Between the new chancellor of the University System of Maryland and a legislative proposal to closely link two of the state’s major universities, using university research is increasingly touted as a way to develop the state’s economy.
Research can give way to new companies, new jobs and new revenue, supporters say.
But are Maryland’s research campuses – including the University of Maryland institutions in College Park, Baltimore and Baltimore County, as well as Johns Hopkins University and Morgan State University — reliable economic drivers for the state?
“The simple answer is yes. It’s big business,” said economist Anirban Basu, CEO of Sage Policy Group, who has studied the economic impact of some of the state’s universities. But that business could be even bigger, he said.
The volume of new companies spun out of universities is one frequently cited measure of their economic impact, but it’s not the only important factor. Even before they get to the commercialization stage, researchers function as entrepreneurs, Basu said.
“We don’t necessarily think of Johns Hopkins researchers as business people. We think of them as institutional employees,” Basu said. But these people are hiring staff, running their labs, raising capital – doing many things that small business owners do, he said.
That contributes to employment, increases the tax base and increases demand for lab and office space, Basu said.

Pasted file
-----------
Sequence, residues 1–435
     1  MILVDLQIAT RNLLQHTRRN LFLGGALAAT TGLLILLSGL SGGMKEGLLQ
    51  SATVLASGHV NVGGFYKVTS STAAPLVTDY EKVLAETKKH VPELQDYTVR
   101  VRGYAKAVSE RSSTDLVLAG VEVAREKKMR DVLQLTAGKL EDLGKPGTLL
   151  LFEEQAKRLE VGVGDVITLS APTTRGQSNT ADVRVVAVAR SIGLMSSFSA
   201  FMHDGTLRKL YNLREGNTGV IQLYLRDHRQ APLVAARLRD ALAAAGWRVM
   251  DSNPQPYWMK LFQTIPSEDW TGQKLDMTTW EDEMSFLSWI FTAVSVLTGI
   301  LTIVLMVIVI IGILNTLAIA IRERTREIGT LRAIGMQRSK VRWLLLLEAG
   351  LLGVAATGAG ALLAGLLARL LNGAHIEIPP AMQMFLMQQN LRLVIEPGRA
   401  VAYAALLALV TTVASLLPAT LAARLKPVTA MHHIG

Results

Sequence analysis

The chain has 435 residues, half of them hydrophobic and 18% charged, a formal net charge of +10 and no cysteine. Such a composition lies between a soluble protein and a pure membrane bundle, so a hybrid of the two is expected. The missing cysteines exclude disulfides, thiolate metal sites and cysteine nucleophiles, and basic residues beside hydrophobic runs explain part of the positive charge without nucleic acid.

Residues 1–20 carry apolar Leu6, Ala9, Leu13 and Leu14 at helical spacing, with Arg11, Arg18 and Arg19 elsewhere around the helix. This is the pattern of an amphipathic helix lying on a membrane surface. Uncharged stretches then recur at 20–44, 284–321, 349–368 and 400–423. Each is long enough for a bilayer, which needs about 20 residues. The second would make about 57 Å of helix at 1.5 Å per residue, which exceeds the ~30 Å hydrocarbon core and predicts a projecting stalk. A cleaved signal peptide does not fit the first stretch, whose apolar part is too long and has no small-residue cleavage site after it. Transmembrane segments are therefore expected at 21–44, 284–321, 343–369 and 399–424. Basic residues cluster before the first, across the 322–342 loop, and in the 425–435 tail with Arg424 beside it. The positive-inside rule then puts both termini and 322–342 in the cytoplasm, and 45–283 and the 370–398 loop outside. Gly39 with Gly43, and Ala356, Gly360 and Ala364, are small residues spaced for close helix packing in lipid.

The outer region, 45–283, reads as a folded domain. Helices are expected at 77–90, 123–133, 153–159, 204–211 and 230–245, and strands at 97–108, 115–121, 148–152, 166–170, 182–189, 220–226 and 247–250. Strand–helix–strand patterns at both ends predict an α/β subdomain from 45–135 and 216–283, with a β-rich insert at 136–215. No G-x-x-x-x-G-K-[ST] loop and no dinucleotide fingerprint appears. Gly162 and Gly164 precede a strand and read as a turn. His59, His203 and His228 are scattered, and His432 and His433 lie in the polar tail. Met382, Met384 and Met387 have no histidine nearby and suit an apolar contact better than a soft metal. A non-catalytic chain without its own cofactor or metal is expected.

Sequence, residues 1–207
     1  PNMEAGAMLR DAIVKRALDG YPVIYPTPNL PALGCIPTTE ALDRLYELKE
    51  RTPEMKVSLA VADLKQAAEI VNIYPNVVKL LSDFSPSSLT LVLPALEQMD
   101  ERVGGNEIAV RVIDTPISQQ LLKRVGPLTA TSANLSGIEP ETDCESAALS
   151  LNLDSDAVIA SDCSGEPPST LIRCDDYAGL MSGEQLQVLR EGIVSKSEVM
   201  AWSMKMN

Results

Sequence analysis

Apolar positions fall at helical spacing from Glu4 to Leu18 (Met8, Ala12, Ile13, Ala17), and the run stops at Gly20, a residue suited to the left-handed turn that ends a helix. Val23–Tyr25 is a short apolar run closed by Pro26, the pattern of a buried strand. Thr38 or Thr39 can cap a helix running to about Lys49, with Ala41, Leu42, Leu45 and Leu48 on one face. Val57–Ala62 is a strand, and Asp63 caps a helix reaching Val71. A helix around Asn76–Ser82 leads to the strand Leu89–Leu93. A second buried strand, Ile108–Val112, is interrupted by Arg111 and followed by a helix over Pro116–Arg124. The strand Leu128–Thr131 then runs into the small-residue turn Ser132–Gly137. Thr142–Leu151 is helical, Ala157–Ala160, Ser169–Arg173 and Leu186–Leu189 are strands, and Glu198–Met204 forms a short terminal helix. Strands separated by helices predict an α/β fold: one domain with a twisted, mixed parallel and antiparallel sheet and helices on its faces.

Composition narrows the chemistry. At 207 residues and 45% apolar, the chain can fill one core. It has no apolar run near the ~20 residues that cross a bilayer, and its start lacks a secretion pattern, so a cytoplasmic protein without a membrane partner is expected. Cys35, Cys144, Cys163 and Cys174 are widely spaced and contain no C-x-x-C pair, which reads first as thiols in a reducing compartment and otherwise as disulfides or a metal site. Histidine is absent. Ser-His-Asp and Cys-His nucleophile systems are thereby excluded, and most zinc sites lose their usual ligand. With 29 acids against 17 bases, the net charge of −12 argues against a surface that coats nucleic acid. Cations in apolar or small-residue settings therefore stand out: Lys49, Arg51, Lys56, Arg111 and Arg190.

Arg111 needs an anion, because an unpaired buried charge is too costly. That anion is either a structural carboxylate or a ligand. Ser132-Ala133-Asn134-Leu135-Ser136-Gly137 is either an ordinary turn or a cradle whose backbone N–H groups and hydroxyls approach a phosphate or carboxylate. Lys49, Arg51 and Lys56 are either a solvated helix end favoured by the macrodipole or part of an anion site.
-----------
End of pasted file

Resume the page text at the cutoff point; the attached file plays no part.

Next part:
And the money spent on research isn’t small potatoes.
For fiscal 2014, external research funding at Johns Hopkins University – including the medical school and the Applied Physics Laboratory in Laurel – totaled $2.8 billion, according to the university. Hopkins has led the nation in total research and development expenditures for the past several years, according to the National Science Foundation.
The University of Maryland, College Park drew about $485 million in research spending in 2014, according to the National Science Foundation, while the University System of Maryland reports that its 12 institutions, collectively, attract about $1 billion in grants and research funding each year.
A measure passed during this year’s General Assembly session and allowed to become law by the governor will strengthen a partnership between the University of Maryland, College Park and the University of Maryland, Baltimore, which was, in part, conceived to allow joint reporting of each campus’s research spending in the hope of raising the federal rankings and boosting research awards.
Basu is skeptical of that last point: Grants are won by researchers, not rankings, he said, adding that he didn’t see why joining the two institutions would make individual grant applicants more successful.
In addition to jobs and research dollars, Maryland universities contribute human capital to the state’s economy, said Richard Clinch, executive director of the Jacob France Institute at the University of Baltimore, who has also published studies of the economic impact of state universities, including Hopkins and the University of Maryland, Baltimore.
“You educate students, then they go out and make money,” Clinch said.